What The ‘Fighting Indians of the West’ Teach Us About Human Nature

They say hindsight is 20/20. Certainly looking back at the past gives one a greater advantage of perspective. You don’t just have immediate context that you’re working with but can trace how whatever policy, philosophy, or world change influenced the history that followed. Hindsight is popular in America right now. It’s in vogue to look back and criticize the ways the government mishandled people groups. One can consider the country’s record with race relations and note that slavery has not paved the way to a brighter future. People also point to the government’s treatment of Native Americans and how that culture was driven to extinction for the sake of white man’s greed.

Fighting Indians of the West by Dee Brown gives a broad overview of this latter topic. Beginning in the early 1830s, Brown marches through the rest of the 19th century highlighting the major battles and chiefs who tried to preserve their culture and retain their land. Time and again the government made treaties with the native tribes promising them protection for their hunting grounds and steering settlers away from sacred areas. Time and again the government failed to uphold its word whenever it proved that the land would be profitable. The tactics the army used to corral the natives into reservations is shocking and cruel–from pulling surprise raids on unsuspecting villages to pinning bands of Indians in a corner and blowing them away until they surrendered. The atrocities are enough to awaken sympathy in any heart, and hindsight gives us the bleak perspective that maybe actors in the moment couldn’t sense or see.

The problem with hindsight, though, is its tendency to swing in one direction and favor one side. Many are (rightly) appalled at America’s actions and some go so far as to demand reparations. Such fervor is understandable. But, we must also keep in mind the savagery perpetrated by the Native Americans as well. Scalping, ambushes, and raids were also part of their strategy. Yes, they were trying to ward off settlers, but no one can deny the barbarity of those actions. The “Fighting Indians”, too, have their fair share of sins in the war they waged.

In the end, if hindsight is applied judiciously, one must admit that both sides were treacherous in their turn. What does that say about human nature? It tells us that no matter what your skin color or culture or up-bringing, the same potential for sin runs through all our veins. What barbarism one side practices can be matched by those on the other. Maybe you can consider the government’s treatment of Native Americans and draw up a black and white map of where it failed morally, but you can do the same for the victims in this case. This isn’t to negate the abuse they suffered, but merely to make the dark point that all have sinned and fall short of God’s glory, and all are capable of committing horrors upon their fellow man.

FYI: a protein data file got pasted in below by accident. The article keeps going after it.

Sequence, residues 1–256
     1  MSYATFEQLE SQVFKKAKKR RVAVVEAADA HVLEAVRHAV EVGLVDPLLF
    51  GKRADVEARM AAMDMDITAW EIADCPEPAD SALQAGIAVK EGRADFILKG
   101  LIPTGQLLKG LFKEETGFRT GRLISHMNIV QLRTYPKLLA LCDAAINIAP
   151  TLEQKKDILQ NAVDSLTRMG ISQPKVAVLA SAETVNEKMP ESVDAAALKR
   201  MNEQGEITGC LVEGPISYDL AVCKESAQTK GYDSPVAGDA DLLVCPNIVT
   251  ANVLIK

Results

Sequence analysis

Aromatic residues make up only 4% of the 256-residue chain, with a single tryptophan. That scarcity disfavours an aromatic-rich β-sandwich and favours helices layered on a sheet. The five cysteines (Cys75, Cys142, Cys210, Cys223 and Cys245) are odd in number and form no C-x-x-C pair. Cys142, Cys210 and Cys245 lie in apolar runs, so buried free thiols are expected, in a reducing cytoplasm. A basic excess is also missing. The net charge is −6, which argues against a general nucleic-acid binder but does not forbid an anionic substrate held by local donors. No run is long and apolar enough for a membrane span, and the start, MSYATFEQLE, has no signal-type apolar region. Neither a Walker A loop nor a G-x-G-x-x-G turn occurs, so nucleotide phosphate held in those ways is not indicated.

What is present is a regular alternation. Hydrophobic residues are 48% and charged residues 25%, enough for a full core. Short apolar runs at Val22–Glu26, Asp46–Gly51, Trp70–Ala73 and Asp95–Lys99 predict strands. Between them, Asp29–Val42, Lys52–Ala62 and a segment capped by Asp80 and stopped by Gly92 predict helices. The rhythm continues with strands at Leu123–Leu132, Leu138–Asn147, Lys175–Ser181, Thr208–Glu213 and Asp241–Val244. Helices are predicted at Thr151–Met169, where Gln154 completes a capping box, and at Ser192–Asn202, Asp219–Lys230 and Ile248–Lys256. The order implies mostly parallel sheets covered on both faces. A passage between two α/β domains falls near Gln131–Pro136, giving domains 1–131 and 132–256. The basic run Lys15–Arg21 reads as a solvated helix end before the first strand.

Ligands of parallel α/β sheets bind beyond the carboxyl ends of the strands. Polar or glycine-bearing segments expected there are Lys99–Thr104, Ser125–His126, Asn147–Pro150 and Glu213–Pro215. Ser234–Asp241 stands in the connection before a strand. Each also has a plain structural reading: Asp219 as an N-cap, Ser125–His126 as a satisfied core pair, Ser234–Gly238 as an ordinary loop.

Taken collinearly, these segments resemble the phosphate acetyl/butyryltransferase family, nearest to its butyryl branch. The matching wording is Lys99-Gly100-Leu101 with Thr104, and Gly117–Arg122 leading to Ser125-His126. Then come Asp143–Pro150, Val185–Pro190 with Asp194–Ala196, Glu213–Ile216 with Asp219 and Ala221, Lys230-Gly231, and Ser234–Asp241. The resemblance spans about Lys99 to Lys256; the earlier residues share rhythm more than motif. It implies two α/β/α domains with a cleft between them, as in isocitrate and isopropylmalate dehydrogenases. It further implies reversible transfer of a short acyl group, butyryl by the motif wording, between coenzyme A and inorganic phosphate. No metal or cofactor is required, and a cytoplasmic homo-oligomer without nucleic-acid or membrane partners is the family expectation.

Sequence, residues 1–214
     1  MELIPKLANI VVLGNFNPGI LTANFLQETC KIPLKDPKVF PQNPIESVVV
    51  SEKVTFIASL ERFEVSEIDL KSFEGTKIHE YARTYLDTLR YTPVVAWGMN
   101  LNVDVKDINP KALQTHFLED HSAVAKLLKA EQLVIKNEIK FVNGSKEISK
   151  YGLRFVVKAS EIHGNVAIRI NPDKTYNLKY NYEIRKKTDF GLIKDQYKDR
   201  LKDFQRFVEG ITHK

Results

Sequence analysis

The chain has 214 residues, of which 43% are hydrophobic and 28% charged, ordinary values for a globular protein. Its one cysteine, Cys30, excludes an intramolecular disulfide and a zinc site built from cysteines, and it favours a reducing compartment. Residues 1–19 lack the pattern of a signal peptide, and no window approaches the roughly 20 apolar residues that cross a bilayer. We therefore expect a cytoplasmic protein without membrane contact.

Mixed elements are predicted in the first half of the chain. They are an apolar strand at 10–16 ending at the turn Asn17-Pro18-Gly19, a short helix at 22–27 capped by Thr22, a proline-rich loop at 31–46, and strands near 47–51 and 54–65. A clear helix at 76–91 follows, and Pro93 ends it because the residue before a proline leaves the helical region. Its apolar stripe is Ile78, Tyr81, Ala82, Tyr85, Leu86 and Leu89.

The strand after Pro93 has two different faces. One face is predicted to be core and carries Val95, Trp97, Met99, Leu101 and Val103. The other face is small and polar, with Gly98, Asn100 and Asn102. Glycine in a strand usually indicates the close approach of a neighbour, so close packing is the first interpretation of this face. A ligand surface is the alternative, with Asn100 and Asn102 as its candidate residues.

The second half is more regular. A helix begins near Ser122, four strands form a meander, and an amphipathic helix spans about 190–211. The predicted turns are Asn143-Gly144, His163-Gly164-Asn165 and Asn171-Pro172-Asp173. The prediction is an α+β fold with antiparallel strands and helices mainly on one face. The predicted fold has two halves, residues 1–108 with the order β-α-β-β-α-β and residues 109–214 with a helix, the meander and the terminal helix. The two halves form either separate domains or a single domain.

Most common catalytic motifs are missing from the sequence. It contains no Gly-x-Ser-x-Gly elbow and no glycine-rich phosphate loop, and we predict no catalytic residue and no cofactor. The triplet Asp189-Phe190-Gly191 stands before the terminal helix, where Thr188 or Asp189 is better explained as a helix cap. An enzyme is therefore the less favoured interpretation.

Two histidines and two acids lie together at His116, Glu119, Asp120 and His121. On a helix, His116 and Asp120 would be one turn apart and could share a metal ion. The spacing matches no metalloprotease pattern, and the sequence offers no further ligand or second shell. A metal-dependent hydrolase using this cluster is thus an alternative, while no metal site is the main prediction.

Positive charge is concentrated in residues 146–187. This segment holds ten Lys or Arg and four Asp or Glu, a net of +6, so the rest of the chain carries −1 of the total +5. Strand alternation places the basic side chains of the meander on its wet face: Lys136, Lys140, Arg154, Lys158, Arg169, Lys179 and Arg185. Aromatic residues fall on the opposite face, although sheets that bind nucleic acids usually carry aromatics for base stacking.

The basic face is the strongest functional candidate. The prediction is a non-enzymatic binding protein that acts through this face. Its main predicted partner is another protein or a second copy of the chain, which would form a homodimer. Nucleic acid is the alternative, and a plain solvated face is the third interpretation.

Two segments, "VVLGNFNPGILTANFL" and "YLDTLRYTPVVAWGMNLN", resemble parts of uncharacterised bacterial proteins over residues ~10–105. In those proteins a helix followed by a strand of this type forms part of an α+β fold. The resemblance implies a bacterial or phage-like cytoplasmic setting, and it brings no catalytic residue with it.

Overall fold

Looking back at history, the most appropriate color to put on one’s lens is gray. Human nature is fallible no matter where you find it, whether in an army fort or a tipi. Blame your fellow man for the ways he fouls up his life and the world around him but be humble enough to acknowledge your own shortcomings. It might make you slow to react and even be more merciful. Is there any hope, though, to brighten this depressing picture? Is there any way to unbend the crooked, decrepit human soul? I would point to Jesus, who can fix broken lives and reveal to us the truest perspective of hindsight, which looks not outward at others but inward at ourselves. This will show us why we need a Savior in the first place; and if you accept the salvation He offers, the process of healing can begin in earnest. Until then, when we look back at any point in history–either long ago or just last week–we will only grow discouraged at humanity’s failings. In that direction lies madness.

Quick Critique:

This is a quick, easy, and tragic overview of the decline of Native American culture in the West. It took me a few chapters to realize he was telling a linear account and not just random vignettes. It told me enough to sense the scope of what was happening and arouse my curiosity, but I never felt like I was getting the full story. If you go into this book expecting a breezy survey, you’ll probably appreciate it more. Otherwise it is a worthwhile introduction to the narrative of the old West.

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